Turkey’s military and Syrian rebel allies have encircled the northern Syrian town of Efrin, the Turkish Armed Forces (TSK) said on Tuesday, March 13, while Foreign Minister Mevlut Cavusoglu said that an agreement has been reached with the United States for Turkish troops to deploy in Manbij.
Turkey has long said that one of the primary aims for its 53-day-old Operation Olive Branch is to besiege and capture Efrin, the largest town in the mainly Kurdish Efrin canton.
خريطة تظهر تقدم قوات الجيش السوري الحر في ناحية بلبل و جنديرس وتضيف الخناق على ميليشيات PYD/PKK الإرهابية في مدينة عفرين ضمن عملية غصن الزيتون. pic.twitter.com/bBBWOWa3bQ
— عملية غصن الزيتون Zeytin Dalı Harekatı (@zeytindali_sy) March 12, 2018
Turkey’s military and allied Free Syrian Army forces have made rapid gains in recent days.
Kurdish forces have not yet confirmed the encirclement, and there are reports that a single road to Efrin remains open.
The last corridor out of AFRIN is fragile pic.twitter.com/pbO1RBIhRy
— Lucio Cienfuegos (@comcen76) March 13, 2018
Images published by AFP on Monday showed hundreds of civilians fleeing Efrin and heading east towards regime-held areas.
— Jenan Moussa (@jenanmoussa) March 12, 2018
The TSK said on Monday its forces had also captured “areas of critical importance” in the region, and claimed that it was now in control of more than half of the canton.
Cavusoglu says U.S. and Turkish troops will jointly secure Manbij
Cavusoglu said on Tuesday that a plan has been agreed that would see Turkish troops stationed in Manbij and that the YPG forces will leave the city.
After the Syrian Democratic Forces recaptured Manbij from Islamic State in August 2016, the YPG said it handed its points of control west of the Euphrates river to Manbij Military Council as it had agreed ahead of the offensive. Turkey has long disputed this version of events.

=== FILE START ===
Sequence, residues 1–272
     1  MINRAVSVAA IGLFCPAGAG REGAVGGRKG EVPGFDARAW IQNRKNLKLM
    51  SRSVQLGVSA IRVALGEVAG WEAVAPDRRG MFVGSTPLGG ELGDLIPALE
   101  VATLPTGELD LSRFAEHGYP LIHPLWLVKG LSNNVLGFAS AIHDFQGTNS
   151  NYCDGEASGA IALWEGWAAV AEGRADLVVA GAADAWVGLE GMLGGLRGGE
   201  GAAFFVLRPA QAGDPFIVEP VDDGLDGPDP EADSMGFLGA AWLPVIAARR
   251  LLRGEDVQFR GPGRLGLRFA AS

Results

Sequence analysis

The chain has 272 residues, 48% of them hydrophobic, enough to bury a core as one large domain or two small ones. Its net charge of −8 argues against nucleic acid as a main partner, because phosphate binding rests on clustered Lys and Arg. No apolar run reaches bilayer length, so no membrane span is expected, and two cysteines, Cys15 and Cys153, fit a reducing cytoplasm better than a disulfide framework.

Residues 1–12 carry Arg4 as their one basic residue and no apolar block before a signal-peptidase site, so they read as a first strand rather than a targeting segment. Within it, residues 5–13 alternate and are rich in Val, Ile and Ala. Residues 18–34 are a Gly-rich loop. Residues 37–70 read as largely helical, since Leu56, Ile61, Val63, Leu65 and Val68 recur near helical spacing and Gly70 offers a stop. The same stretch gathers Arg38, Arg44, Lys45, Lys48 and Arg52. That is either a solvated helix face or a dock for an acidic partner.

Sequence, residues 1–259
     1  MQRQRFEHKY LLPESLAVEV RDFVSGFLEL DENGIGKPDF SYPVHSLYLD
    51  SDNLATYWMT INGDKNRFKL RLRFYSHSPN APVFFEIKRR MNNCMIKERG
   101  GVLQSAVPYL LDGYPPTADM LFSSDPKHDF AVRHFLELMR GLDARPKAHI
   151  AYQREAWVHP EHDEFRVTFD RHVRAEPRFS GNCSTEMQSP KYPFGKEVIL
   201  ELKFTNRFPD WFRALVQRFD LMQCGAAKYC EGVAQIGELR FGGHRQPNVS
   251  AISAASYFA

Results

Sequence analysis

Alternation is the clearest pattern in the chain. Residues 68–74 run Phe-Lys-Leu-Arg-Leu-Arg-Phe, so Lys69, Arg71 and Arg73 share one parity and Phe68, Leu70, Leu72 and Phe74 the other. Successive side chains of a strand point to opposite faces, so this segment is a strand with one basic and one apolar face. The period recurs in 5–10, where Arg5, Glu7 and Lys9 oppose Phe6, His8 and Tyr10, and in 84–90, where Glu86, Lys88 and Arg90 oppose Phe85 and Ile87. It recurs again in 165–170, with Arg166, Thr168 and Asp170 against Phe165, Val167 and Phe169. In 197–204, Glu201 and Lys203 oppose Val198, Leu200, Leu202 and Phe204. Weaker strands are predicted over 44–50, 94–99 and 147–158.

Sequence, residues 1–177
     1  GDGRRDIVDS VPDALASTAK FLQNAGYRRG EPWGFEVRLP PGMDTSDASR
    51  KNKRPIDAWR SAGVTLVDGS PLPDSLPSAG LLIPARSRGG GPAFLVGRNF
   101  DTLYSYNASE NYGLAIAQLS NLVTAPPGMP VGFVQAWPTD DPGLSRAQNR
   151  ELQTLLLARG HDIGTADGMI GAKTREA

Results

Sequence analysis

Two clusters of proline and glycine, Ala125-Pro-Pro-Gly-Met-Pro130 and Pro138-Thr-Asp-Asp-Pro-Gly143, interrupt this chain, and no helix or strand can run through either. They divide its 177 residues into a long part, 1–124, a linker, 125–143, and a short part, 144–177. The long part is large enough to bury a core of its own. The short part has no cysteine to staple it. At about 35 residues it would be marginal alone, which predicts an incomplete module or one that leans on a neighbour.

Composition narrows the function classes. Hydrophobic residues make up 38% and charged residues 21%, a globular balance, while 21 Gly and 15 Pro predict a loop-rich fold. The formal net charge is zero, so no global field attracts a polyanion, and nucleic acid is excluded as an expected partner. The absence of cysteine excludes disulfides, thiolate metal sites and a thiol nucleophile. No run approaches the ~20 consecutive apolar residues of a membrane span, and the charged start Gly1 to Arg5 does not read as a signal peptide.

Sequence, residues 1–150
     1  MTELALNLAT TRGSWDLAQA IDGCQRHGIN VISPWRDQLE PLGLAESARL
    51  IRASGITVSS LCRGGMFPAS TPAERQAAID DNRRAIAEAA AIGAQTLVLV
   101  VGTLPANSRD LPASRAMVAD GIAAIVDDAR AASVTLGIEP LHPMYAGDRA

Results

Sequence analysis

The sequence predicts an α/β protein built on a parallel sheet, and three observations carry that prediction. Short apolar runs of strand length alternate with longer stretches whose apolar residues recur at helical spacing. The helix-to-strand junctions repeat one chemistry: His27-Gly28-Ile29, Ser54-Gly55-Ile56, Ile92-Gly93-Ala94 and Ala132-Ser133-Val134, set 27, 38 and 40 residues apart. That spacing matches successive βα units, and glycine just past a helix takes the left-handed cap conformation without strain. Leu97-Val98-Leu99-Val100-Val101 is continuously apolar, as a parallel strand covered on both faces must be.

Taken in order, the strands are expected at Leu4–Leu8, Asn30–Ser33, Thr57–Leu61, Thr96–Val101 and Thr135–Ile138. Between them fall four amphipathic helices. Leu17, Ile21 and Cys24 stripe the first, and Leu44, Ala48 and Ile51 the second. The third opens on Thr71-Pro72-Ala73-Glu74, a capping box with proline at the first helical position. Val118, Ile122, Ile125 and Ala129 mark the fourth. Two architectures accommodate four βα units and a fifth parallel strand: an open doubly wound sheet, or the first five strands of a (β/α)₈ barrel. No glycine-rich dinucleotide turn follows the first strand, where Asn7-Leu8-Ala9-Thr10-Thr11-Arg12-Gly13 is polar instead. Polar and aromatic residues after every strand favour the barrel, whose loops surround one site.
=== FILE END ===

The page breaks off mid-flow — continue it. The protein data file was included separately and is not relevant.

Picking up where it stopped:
The U.S. confirmed it had deployed forces to the Manbij area in March 2017 to reassure the SDF and deter hostilities between factions on the ground, but since then Turkey-backed FSA fighters have often fired at forces near the frontline.
Turkey’s Hurriyet newspaper quoted Cavusoglu as saying that the “YPG will leave Manbij, U.S. and Turkish soldiers will joint ensure its security,” AP reported.
The reported deal marks a change in tone from Cavusoglu, who as recently as January 29 said the U.S. should “immediately withdraw from Manbij.”
Cavusoglu said the issue will be further discussed when he meets U.S. officials in Washington on March 19, but vowed that Turkish forces will launch a military operation if the talks fail, Hurriyet Daily News reported.
“As was announced by Secretary Tillerson and Foreign Minister Cavusoglu in Ankara, the United States and Turkey agreed to establish a results-oriented mechanism to discuss all of the critical issues that face our relationship with Turkey,” U.S. Department of Defense spokesperson Johnny Michael told The Defense Post.
“We are not going to get ahead of the process and speculate on potential outcomes or proposals. The specifics will emerge out of the work by our diplomats and experts as we allow these groups to come and work together.”